Near the end of Jacob’s treatment, his doctors prescribed an oral steroid that we hoped would make him more comfortable. Before leaving the hospital, Jeremy stopped by the crowded pharmacy to pick it up. He handed the scrip to the pharmacist who punched some numbers into a terminal before saying, “That’s going to be $750.” There was an audible gasp among the people waiting for their medications, and then silence as everyone waited to see what Jeremy would do. It almost seemed as if the pharmacist expected Jeremy to say, “Forget it, that’s too much!” But Jeremy whipped out a credit card without hesitation. If your child was fighting for their life, wouldn’t you do the same?
But when treatment is over, whatever the final result, and you come up for air, you might find your financial situation completely different than it was prior to diagnosis. Judging yourself for this is not an option. Every decision, financial and otherwise, you made along the way was the best one based on the information you had at the time. While it may take a while, you can repair your finances, even if you need assistance from several sources.
You Will Have To Accept Help. Make Sure It’s The Help You Need.
Right from the moment of diagnosis, which may include an emergency stay in the hospital for a night (or even days or weeks), you will need to call on extra sets of hands. You might need someone to care for your other children. People at work will have to cover for you. You might need a change of clothes and a toothbrush or a meal brought to the hospital. We quickly realized how important it was to accept help when offered, but sometimes people would do unhelpful things.
In order to make our needs known, we would send out group emails and ask others to forward them around to additional people. Now, there are wonderful services like Caring Bridge or Lotsa that can help you spread the news and schedule support very easily. To really lighten your load, you can even delegate management of these services to another person.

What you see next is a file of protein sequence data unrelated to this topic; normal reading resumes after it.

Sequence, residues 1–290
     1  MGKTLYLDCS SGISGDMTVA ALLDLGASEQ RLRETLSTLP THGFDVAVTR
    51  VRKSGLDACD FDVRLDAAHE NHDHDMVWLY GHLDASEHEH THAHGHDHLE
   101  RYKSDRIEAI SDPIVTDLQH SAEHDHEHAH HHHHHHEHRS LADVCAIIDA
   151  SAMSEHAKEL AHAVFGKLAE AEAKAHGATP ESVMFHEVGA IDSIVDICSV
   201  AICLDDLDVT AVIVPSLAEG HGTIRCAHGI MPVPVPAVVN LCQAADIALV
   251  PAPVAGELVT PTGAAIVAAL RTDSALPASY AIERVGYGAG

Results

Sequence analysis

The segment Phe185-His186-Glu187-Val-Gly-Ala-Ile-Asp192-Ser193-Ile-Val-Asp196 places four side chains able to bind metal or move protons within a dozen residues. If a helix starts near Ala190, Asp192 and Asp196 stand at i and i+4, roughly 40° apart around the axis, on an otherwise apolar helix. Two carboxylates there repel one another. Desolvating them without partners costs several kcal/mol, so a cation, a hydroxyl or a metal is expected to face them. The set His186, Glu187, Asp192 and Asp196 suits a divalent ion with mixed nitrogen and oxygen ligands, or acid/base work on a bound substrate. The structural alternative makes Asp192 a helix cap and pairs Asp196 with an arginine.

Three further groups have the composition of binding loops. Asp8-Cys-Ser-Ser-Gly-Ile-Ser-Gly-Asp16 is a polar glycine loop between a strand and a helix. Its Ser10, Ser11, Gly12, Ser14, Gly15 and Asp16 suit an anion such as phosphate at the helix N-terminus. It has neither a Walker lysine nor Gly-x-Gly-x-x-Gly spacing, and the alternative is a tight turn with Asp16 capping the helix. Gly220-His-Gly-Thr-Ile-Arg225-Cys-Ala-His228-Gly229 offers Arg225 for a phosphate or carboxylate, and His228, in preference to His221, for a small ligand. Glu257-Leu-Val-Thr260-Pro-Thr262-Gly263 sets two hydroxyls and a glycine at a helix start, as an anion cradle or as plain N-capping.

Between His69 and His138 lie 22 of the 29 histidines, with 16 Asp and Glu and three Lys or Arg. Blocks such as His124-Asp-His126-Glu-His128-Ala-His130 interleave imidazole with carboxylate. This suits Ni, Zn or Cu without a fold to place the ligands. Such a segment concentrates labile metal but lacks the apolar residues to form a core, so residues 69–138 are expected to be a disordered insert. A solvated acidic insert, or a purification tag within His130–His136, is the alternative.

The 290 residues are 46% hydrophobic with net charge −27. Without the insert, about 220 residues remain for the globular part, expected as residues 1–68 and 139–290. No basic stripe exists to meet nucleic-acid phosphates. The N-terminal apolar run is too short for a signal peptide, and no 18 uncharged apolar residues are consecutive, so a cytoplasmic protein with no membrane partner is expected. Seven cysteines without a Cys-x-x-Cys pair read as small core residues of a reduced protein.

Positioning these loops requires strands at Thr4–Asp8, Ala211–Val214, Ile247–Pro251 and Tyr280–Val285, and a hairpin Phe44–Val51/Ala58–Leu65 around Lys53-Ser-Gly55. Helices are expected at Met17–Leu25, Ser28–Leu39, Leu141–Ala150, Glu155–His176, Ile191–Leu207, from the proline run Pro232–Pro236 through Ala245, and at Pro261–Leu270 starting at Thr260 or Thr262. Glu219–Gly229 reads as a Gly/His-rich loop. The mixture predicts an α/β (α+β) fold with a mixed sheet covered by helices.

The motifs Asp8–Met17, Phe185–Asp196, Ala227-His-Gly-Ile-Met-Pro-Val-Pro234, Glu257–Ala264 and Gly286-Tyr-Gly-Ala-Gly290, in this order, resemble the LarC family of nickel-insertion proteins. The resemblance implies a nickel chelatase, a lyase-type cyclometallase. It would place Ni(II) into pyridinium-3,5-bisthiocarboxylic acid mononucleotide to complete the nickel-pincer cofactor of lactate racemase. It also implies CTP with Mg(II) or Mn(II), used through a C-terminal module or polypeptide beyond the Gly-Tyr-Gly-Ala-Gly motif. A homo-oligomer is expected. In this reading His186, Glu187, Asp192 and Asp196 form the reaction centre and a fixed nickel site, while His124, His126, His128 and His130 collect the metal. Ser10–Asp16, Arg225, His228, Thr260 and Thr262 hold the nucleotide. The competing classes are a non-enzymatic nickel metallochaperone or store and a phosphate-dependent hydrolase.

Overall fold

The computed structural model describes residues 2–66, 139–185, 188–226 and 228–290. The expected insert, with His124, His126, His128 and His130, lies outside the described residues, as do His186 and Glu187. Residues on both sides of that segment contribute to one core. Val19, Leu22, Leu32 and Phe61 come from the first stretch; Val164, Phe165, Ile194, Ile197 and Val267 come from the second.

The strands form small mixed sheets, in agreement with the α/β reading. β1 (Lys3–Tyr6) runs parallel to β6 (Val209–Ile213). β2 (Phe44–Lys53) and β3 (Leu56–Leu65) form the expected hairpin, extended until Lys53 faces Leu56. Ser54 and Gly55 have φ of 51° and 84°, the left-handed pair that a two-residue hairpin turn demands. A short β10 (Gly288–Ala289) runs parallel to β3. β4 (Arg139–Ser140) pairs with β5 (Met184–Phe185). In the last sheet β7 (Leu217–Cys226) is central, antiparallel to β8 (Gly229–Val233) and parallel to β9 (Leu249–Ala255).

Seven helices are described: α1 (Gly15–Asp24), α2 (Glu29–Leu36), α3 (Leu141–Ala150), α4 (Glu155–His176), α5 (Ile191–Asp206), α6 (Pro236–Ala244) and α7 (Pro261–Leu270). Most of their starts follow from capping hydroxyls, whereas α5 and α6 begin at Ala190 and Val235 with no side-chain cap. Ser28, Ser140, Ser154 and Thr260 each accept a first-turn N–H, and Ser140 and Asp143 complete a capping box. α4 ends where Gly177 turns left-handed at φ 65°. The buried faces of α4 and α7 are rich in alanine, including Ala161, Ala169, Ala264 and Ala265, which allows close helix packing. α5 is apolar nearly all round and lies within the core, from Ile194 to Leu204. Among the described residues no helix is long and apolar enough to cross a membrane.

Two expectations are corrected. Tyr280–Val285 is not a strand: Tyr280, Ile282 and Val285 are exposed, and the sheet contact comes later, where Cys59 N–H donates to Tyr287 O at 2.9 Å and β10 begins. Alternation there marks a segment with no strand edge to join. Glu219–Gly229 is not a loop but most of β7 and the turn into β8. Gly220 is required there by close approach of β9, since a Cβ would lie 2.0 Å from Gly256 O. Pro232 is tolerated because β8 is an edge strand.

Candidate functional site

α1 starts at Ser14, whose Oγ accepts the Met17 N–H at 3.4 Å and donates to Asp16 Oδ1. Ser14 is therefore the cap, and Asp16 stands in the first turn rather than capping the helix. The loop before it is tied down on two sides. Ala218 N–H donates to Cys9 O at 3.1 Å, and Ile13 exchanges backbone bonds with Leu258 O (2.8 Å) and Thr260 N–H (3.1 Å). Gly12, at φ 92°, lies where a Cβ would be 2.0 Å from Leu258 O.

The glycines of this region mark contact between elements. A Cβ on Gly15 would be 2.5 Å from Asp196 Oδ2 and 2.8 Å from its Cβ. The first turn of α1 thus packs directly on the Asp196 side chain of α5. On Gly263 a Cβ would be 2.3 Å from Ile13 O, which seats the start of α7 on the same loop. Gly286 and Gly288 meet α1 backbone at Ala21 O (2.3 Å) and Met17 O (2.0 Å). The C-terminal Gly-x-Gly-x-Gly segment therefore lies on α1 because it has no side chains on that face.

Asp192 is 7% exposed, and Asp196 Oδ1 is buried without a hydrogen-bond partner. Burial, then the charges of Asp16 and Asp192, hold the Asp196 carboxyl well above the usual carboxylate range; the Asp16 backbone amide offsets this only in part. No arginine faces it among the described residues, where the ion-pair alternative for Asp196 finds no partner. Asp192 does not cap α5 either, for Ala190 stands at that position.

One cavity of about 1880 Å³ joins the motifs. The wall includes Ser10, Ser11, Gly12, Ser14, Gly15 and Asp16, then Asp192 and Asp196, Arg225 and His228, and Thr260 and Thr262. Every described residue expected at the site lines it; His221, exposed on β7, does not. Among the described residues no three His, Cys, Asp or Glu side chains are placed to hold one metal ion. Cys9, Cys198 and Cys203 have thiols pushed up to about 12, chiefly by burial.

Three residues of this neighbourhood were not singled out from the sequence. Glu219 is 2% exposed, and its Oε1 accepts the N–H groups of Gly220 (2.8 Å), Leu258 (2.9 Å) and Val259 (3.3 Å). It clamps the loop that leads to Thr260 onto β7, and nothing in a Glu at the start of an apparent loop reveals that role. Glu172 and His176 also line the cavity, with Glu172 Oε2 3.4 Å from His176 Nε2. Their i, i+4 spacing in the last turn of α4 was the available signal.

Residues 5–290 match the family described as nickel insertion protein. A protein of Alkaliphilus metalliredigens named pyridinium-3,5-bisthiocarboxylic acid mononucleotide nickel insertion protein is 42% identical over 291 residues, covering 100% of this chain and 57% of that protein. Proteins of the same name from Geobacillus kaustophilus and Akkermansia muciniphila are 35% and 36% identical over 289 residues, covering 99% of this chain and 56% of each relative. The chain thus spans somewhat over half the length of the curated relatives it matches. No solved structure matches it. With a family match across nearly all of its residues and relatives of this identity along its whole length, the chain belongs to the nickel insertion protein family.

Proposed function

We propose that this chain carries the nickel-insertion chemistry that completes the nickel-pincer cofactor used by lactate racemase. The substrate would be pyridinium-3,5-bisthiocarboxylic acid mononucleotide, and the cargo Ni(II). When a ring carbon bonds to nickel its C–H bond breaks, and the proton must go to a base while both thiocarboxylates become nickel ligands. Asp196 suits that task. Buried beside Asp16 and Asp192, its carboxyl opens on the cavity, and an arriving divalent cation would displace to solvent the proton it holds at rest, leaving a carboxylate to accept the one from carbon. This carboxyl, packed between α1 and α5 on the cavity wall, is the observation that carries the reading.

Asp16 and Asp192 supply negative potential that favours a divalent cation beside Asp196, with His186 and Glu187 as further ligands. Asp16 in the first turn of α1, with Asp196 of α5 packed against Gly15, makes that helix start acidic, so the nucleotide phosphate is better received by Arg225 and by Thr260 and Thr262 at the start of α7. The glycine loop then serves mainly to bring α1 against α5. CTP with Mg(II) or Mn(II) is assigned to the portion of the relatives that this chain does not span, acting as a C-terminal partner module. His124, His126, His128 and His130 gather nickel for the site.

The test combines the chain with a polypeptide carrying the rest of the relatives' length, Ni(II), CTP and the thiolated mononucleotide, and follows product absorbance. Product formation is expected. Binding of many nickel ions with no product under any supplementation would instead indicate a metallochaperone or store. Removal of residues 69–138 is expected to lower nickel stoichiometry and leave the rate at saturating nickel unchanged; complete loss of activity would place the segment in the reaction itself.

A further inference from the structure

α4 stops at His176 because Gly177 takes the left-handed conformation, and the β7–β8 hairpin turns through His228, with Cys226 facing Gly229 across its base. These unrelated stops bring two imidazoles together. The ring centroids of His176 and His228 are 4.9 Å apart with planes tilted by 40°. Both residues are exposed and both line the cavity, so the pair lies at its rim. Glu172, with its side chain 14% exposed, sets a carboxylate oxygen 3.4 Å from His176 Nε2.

Childhood Cancer – And Death – Disrupts The Natural Order.
From a young age, we take for granted that older people get sick and die. This is part of the “circle of life,” the rulebook to which all living things are subjected. But when a child is diagnosed with a life-threatening illness, this foundational principle is rocked to its core, making us feel off-kilter in our lives. What other truths are temporary or provisional? Will the sun continue to rise and set? How safe are our other children? Integrating this “new normal” into our lives took time and each of us needed to support the other to get to a place where we could do things like plan something a week in advance.
The “New Normal” Is Not Normal.
If “normal” is by definition what is experienced by the greatest number of people, having a child with cancer, or losing a child at a young age, is – thank goodness – not normal at all. After Jacob died, we each had moments where we felt like were acting crazy and Jeremy would say, “We’re not crazy – a crazy thing happened to us and we’re just coping with that.” This doesn’t occur so often these days, but even if we have accepted the way things are doesn’t mean we have “gotten over” Jacob’s death. We’ve just learned to live with it, which is an ongoing process that will continue for the rest of our lives.
You Can Find Joy Again.
In 2003, 50 Cent rapped, “Sunny days wouldn’t be special if it wasn’t for rain/Joy wouldn’t feel so good if it wasn’t for pain,” which can be a helpful roadmap to living in a world where everything is bittersweet. While watching Jacob’s younger sister graduate high school and go off to college was yet another reminder of all he had missed out on, it still brought us immense happiness and pride as she continues on her path in life.
Do we wish things were different? Of course. But we’ve already been robbed of taking pleasure in Jacob growing up and we refuse to let cancer steal more from us.
Authors: Jeremy Shatan is the former executive director of Hope & Heroes and is now director of development at the New York Genome Center. Karen Capucilli is a trained professional photographer and is currently a stay-at-home-mom. They live in Inwood, in upper Manhattan, with their two surviving children. January 2018 will mark Jacob’s 21st birthday.
Karen and Jeremy have written an incredibly personal accounting of Jacob’s life. It is told so others can understand how this affected their family and it will be very helpful to people going through the same thing. I applaud them for their openness and honesty. Jacob was a child who was well loved and gone way too soon.
Doris, we thank you for reading and sharing your thoughts.
I truly applaud the courage with which Karen and Jeremy faced the tragic and life-altering loss of their baby boy Jacob. It is a profoundly sad story, and a difficult one to tell/hear. I’m so inspired by the strength and fortitude they exhibited (and continue to exhibit) to carry on with life and to be amazing parents to their other children despite their unimaginable loss. The fact that they both continue to share so honestly in their uniquely qualified voice, about the devastation of childhood cancer and offer a roadmap to other parents facing the same situation is a tribute to their humanity and compassion.